At the very end, I picked the best of what I thought was there and built the record out of it, and just put lyrics over it in the last minute. The record really sounds like that to me when I listen to it. Maybe it doesn’t to everybody else, but I think me, because I know that, the record has that feel to it.

Diamond Eyes (2010)

We were all starting to really really get along. We got really close again. You know that board game Risk? We’d play games of Risk for hours. Playing poker. Sitting around, talking shit. And we were just really hanging out a lot of times. Music was sort of secondary. But I think it was really important as far as us reconnecting and having fun and hanging out together. It was great.

Right in the middle of all that, I was working on vocals (for the unreleased album Eros). Most of the music was done. And that’s when I got a call in the morning that Chi had been in an accident. At that point, obviously, the band was secondary . We were all pretty shook up, and we didn’t know what our future was going to be. It wasn’t until maybe six months or so later, Chi was still in a coma and we all met up at our studio in Sacramento and just sat around to talk about our future.

Before we even talked, everybody just went over to their instruments and we just started jamming. From that day we started writing what would become Diamond Eyes. Obviously we got Sergio [Vega] to come in. He’d filled in for Chi once before, years ago when Chi had broken his foot. He was a good friend.

That ended up being our fastest record we ever produced. We wrote it in a month and recorded it in a month. I really felt like we captured lightning in a bottle. At that point we were probably the closest we’d ever been as a band. Obviously when something like that happens tragically to one of your best friends who you grew up with, that really puts things in perspective.

I’m not really quite sure (if Eros will ever come out). It would take basically going in and finishing it. Any time we get together we’re always sort of looking forward, or creating something in the moment. So that would be more of a nostalgic kind of thing there. To open up those files would probably be heavy too. Emotionally heavy. Just because it’s the last thing that Chi played on. Not saying that we won’t do it, but we haven’t made any plans any time in the near future to do so. That’s probably as clear as I can answer that.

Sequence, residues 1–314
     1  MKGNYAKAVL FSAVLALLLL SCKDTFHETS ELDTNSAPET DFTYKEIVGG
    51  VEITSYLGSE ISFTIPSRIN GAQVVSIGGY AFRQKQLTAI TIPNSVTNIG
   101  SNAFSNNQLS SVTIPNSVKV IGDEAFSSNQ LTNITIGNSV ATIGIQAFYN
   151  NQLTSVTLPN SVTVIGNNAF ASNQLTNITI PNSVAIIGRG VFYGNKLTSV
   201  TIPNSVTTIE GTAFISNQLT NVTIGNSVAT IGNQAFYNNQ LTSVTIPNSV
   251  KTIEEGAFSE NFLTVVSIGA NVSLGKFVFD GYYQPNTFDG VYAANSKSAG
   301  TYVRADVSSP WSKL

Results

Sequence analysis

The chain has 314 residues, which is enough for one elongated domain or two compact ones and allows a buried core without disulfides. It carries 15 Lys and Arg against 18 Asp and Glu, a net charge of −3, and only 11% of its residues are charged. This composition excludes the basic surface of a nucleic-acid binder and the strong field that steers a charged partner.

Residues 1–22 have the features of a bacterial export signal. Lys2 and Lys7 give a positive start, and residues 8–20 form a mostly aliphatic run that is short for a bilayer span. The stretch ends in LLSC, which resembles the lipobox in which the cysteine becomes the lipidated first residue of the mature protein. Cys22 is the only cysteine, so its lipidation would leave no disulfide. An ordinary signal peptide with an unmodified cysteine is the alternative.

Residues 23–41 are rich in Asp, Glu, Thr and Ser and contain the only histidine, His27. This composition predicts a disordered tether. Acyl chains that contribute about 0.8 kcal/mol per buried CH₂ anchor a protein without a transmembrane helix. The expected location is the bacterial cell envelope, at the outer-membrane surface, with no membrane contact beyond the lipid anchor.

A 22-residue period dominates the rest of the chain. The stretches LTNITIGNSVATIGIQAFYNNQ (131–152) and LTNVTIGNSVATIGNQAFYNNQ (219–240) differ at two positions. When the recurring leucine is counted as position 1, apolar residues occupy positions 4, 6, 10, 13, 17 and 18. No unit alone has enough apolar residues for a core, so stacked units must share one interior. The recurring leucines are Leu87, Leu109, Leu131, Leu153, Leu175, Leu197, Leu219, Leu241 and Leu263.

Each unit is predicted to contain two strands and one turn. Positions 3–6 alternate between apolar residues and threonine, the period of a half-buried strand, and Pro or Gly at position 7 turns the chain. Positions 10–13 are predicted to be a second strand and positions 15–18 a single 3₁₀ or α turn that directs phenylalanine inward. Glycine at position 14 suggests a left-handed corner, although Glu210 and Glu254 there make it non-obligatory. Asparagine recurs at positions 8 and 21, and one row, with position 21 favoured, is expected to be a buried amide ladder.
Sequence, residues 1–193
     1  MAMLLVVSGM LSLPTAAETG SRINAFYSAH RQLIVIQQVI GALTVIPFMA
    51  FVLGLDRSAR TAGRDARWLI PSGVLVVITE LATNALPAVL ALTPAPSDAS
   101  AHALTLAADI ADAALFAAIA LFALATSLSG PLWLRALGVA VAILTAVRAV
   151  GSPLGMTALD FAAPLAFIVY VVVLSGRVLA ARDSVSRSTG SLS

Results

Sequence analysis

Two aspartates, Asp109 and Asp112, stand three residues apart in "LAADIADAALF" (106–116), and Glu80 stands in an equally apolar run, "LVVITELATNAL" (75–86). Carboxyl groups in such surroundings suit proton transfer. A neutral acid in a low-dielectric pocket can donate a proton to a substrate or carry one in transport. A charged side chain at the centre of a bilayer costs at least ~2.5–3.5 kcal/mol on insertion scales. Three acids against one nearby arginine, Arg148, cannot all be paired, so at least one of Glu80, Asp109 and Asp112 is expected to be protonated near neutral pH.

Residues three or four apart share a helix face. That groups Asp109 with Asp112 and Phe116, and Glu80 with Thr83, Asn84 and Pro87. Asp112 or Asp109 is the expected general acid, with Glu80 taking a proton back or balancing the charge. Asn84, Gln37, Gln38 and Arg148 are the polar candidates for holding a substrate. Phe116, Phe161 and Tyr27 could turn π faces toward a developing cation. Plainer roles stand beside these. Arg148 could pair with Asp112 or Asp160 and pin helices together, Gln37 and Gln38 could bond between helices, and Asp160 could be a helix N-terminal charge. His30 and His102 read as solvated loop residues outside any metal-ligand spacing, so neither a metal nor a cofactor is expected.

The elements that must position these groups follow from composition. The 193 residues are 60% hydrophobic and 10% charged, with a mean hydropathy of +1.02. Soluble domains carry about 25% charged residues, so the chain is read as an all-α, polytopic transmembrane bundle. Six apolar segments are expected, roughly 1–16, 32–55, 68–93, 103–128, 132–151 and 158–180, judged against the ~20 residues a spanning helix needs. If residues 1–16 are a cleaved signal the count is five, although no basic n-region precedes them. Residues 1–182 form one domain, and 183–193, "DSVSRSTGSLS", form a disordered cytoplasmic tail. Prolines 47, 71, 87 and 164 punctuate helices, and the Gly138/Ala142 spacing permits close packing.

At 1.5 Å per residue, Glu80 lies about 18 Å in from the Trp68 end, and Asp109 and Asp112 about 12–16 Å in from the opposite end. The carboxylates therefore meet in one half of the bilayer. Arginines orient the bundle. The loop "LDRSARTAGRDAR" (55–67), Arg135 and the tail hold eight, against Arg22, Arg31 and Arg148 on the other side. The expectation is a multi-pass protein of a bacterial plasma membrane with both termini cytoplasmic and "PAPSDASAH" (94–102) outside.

Koi No Yokan (2012)

Nick Raskulinecz produced Diamond Eyes and he did a great job being present and helping us remember what we’re doing. One thing about us when we’re writing songs, we jam a lot together. We’ll start somewhere playing an idea, and an hour later we’ll be completely on another planet, unless someone’s there recording us saying, “Hey, go back 30 minutes here and listen to what you did here.”

So we did another record with him, and he wasn’t as present. He was finishing up a Rush record, and right after us he was starting an Alice In Chains record, I think. Or vice versa. At the beginning of the writing, he wasn’t really there much, and at the end of recording, he wasn’t really there much. We were left with his engineer, Matt Hyde. We finished the record though, and we were pretty proud of it.

To me I feel like it’s a reprise of Diamond Eyes in a way. They seem very similar to me. Both those records I think compliment each other.

Gore (2016)

That’s a tough one. This was going to be our third record with Sergio, and it was to be the third record with Nick Raskulinecz. At that time, Nick was pretty busy. So we decided, “You know what? We’ll just kind of do this DIY. We’ll get Matt Hyde who engineered the Koi record, just to help us record. But we’re going to do it ourselves.” It was a learning process. We never really had any direction or someone to help us make sense of what we were doing.